.30-06 vs .308 vs 300 WIN MAG for beginner


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JakeG27
November 26, 2007, 01:27 PM
I am buying my first rifle. I live in PA. I want one that I can practice long distance shooting with(300-750yrds.) as well as hunt large game with. Anyone have any suggestions on brands and which caliber I should go with. I am planning on putting a lot of round through the rifle. Any help will be deeply appreciated since I am new to rifles. Thanks!

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TheLaxPlayer
November 26, 2007, 01:35 PM
.30-06 and .308 will be nearly identical for your purposes, and .30-06 ammo is cheaper lately.

300 Win Mag is a barrel burner with expensive ammo. If you're moose hunting it maybe be better than the other two, but for target shooting and most game I think the .30-06 is your best bet.

rcmodel
November 26, 2007, 01:39 PM
Ya got two threads going with the same question there Jake!

http://www.thehighroad.org/showthread.php?t=319101

http://i81.photobucket.com/albums/j219/rcmodel/KTOG/1224.gif
rcmodel

homers
November 26, 2007, 02:16 PM
243, and reload if you plan on putting a lot of rounds out.

JakeG27
November 26, 2007, 03:08 PM
whats reload mean? hmm im not familiar with 243 either...can u give anymore on that?

UnTainted
November 26, 2007, 03:21 PM
243 is sweet. shoots flatter (less drop), recoils less and has dropped deer for me just as quick as my 30-06.

still, though: i recomend a 8 pound or more 30-06 rifle to start. It'll do everything you want it to, with rounds costing less than $1 for some boxes.

Fast Frank
November 26, 2007, 03:35 PM
Jake, I'm getting the feeling that you don't have a lot of shooting experience.

Normally, at this point, I would recommend that you get some.

Getting shooting experience requires firing lots and lots of bullets at targets under varied conditions and at varied ranges.

For this, the rifles you are discussing are a very poor choice.

Shooting lots and lots of .30-06 is going to be expensive and punishing.

I recommend a good .22 rifle.

Yes, I know that you want to be "The Man" and shoot little bitty groups at super long range with a big gun.

The best way to get there is to shoot lots and lots of bullets and a .22 is cheap and easy.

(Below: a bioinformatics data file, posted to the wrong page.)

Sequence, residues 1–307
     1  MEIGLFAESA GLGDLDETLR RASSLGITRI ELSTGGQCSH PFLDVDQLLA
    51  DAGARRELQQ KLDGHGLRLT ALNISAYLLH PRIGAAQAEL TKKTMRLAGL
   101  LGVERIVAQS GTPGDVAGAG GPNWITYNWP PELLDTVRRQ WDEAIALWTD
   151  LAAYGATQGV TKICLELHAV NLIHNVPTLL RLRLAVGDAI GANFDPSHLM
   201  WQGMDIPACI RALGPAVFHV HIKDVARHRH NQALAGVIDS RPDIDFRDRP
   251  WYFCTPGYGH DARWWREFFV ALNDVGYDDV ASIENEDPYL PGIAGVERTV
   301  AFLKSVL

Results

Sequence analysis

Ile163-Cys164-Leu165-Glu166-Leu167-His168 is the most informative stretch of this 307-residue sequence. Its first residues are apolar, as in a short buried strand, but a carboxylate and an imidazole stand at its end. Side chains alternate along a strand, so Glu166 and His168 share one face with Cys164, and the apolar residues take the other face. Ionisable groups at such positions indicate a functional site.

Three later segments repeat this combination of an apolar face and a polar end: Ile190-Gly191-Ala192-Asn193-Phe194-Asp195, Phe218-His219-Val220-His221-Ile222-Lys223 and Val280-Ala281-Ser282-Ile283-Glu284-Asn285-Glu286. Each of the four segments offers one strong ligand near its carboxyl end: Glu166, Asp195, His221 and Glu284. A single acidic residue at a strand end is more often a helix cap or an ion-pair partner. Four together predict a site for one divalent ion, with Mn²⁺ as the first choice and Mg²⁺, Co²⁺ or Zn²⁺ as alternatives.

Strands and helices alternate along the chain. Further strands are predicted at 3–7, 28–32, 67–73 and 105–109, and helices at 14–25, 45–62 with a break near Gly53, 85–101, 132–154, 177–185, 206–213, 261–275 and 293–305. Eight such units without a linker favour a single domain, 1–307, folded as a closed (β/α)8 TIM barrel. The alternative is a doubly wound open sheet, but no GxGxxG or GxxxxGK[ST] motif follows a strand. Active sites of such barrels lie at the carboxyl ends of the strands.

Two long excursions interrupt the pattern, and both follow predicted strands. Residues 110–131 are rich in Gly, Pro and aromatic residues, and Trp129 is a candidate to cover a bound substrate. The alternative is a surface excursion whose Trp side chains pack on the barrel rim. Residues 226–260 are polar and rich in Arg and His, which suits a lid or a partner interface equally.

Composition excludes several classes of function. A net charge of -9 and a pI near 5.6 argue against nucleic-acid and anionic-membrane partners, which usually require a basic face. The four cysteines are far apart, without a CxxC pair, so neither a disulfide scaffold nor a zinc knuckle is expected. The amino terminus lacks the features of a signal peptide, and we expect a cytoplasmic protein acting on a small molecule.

Everything you need to know will be learned more easily with a .22, at a fraction of the price.

"But I don't care how much it costs!" you say.

Bull pucky! when $50 worth of ammo is a 30 minute session with the '06 or a whole weekend of shooting with the .22, you will care.

Sure, buy a big rifle. Keep it and mod it and shoot it.

But for learning how to shoot really good, get a .22.

Volvit
November 26, 2007, 03:41 PM
not only does the .243 shoot flat, but it is real versitale(sp?) You can hunt deer with 100gr and also hunt smaller varmint style game with 55gr. All through the same weapon! It seems as though you are getting into hunting. And if you catch the bug (which no doubt you will), you can lenghten your hunting seasons with out buying another rifle. I have a .243 and I couldn't be happier

JakeG27
November 26, 2007, 03:53 PM
I have 3 shotguns and a pistol just new to rifles. My brother owns a .22 and I have shot it, just kinda bored with it. But thanks a lot for the advice. Do you have any particular suggestion with the .243, as to the specific type of rifle.

MCgunner
November 26, 2007, 05:33 PM
In Pa, a light short action rifle in .308, maybe even a Browning BLR lever gun. :D The quicker to the shoulder the better in woods. Of course, .30-30 would work fine and talk about your cheap ammo....:D

Heavy Metal Hero
November 26, 2007, 05:38 PM
Do not listen to all the hunters recommending a .243. That is a ridiculous caliber to start on.

Get yourself a bolt action .22lr, learn to shoot it and then upgrade.

If you really do have shooting experience, then a .30-06/.308 will kill any animal on this continent.

Outlaws
November 26, 2007, 05:51 PM
Do you have any particular suggestion with the .243, as to the specific type of rifle.

Don't buy a 243. Its a great round, but its not really a "first rifle" round unless you already know what you are getting. That should be a 22LR, 223, 308, or even a 30-06.

JakeG27
November 26, 2007, 06:07 PM
I am really leaning toward a savage .308 thanks a lot for all the help and tips

Uncle Chan
November 26, 2007, 06:35 PM
Jake, I've a Savage 30-06 and I'm very happy with it. Ballistically it is comparable to the 308 and is much cheaper. I reload my own, but purchasing off the shelf, still much cheaper. Go with the 30-06. You won't go wrong.

astocks2622
November 26, 2007, 07:00 PM
you night consider a .270 win. I have an older winchester model 70 in 270, and can easily take deer out to 300 yds. it shoots flatter than the 308 or 30-06, but is about the same price for ammo. just food for thought

MCgunner
November 26, 2007, 08:46 PM
Fail to see why the .243 is "ridiculous". Lots of Texas kids killed their first with it and it's wildly popular here for deer from 3 feet to 300 yards. I know one guy that kills New Mexico mulies with his. Very light on the shoulder, good range, reasonably flat trajectory, and very accurate. Great for the recoil shy. I think it's a better first deer caliber than .30-30, frankly. It has as much umph at the muzzle, flatter trajectory , and depending on the rifle, easier on the shoulder. I don't own one and don't need one, but I wouldn't call it "ridiculous" for a beginner. The .30-06 would be ridiculous for the recoil shy beginner.

Shawnee
November 26, 2007, 09:19 PM